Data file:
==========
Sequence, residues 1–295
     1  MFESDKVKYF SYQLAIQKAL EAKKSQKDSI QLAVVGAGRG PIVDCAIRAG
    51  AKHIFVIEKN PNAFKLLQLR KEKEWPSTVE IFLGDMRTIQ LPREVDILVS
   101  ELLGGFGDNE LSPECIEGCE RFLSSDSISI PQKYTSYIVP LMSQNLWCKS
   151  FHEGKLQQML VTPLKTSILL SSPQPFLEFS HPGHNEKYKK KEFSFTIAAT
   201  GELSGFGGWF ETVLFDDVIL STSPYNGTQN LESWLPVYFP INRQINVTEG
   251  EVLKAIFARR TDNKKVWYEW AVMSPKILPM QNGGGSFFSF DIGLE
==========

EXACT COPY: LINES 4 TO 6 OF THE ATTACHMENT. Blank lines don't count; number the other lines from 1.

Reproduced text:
   101  ELLGGFGDNE LSPECIEGCE RFLSSDSISI PQKYTSYIVP LMSQNLWCKS
   151  FHEGKLQQML VTPLKTSILL SSPQPFLEFS HPGHNEKYKK KEFSFTIAAT
   201  GELSGFGGWF ETVLFDDVIL STSPYNGTQN LESWLPVYFP INRQINVTEG